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When the association of each item of DRS-R-98 and HMSE was evaluated, except for the items of delusions, lability of affect and motor retardation, there were significant negative association between all the items of DRS-R-98 and HMSE, indicating that higher severity of cognitive symptoms as assessed on HMSE is associated with higher severity of all the cognitive symptoms and most of the noncognitive symptoms as assessed by DRS-R-98.


   Discussion Top


Few studies have evaluated the association of cognitive and noncognitive symptoms of delirium. The present study utilized DRS-R-98 and HMSE.

The sample included in the present study is similar to the previous studies from CL psychiatry set-up from India, in terms of mean age, percentage of elderly, gender distribution, mean duration of education, duration of delirium, and mean number of associated etiologies [14],[15],[16],[17] suggesting that the study sample was representative.

The DRS-R-98 symptom profile of the study sample is also similar to previous studies from this center, both in terms of frequency and severity of symptoms [14],[15],[16],[17],[18] and literature from other parts of the world.[19]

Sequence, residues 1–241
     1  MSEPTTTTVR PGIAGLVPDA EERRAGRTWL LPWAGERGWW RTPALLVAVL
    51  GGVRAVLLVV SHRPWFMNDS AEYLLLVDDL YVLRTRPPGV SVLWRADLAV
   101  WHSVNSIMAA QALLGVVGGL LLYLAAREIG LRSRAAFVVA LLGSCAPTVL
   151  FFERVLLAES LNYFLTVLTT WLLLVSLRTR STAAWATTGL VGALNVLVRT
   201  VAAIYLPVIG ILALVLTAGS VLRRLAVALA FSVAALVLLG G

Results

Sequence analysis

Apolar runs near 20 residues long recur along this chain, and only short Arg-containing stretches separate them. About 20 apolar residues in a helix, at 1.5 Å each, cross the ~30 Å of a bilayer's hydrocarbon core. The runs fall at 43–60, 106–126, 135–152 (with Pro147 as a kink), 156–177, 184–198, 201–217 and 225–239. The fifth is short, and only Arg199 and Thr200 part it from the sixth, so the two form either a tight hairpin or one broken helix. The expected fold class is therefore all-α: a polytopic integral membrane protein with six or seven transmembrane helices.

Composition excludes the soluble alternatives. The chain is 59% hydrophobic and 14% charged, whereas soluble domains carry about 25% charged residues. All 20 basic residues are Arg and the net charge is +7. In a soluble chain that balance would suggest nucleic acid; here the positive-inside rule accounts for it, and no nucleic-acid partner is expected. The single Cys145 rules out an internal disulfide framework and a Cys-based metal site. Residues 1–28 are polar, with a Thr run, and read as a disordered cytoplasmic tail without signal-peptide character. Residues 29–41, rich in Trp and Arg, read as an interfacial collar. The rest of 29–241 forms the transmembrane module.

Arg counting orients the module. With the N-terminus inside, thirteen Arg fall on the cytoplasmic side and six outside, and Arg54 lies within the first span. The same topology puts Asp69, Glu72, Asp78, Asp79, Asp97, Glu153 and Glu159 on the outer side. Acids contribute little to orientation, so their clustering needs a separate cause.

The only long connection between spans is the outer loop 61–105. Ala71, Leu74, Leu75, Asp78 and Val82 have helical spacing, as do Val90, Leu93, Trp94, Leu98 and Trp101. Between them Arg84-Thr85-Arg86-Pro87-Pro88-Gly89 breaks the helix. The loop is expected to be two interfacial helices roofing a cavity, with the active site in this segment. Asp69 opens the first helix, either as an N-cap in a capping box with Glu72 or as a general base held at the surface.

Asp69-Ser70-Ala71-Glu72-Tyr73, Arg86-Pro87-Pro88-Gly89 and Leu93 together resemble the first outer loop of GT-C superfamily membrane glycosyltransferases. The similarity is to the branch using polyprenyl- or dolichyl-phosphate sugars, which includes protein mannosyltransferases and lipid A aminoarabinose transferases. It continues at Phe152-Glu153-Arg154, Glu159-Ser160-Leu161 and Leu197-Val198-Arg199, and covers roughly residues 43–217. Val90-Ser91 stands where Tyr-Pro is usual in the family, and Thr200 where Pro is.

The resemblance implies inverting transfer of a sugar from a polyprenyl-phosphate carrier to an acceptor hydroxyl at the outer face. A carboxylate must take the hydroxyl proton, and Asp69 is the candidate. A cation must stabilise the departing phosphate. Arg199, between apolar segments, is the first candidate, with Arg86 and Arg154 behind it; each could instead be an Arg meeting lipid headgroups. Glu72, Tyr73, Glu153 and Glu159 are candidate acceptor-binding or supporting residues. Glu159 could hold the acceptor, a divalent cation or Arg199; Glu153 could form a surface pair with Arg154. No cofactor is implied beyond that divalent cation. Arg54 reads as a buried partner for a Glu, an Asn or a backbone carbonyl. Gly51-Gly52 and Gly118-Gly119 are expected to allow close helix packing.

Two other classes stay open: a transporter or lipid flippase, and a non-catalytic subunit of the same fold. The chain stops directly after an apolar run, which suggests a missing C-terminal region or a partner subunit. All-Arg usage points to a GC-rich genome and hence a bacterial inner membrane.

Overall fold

In terms of associations of various symptoms domains, considering the fact that attention is the most important cognitive dysfunction in patients with delirium, we evaluated the correlation between attention and other cognitive functions as assessed by HMSE. It was seen that there was positive association between attention and all other cognitive domains as assessed by HMSE, suggesting that higher attention deficits are associated with higher dysfunction on all other domains. Previous studies have also evaluated the similar associations, however, using CTD and have reported similar positive association.[4],[20] In terms of the influence of attention as assessed by using HMSE on other symptoms of delirium as assessed by DRS-R-98, findings of the present study suggest that attention has a significant influence on most of the other symptoms of delirium too, with higher level of attention associated with higher level of dysfunctions in other symptom domains. Previous studies which have evaluated the influence of attention as assessed by CTD are not conclusive. One study from the United Kingdom, reported significant influence of attention deficits as assessed by CTD on sleep-wake cycle disturbances, language, through process disturbance, orientation, short-term memory, long-term memory, visuospatial abnormalities, and total DRS-R-98 scores.[21] However, the previous study done at our center using the similar scales used in the study from the United Kingdom did not find such associations except for association of attention and motor retardation. Accordingly, it can be said that as suggested in previous study from the United Kingdom, attention deficits in patients of delirium influences other symptoms domain too. More clear influence of attention deficit noted in the present study could be due to use of a validated and culturally sensitive instrument to assess cognitive functions. This also possibly suggests that in Indian set-up HMSE may be a better instrument to assess cognitive functions than CTD.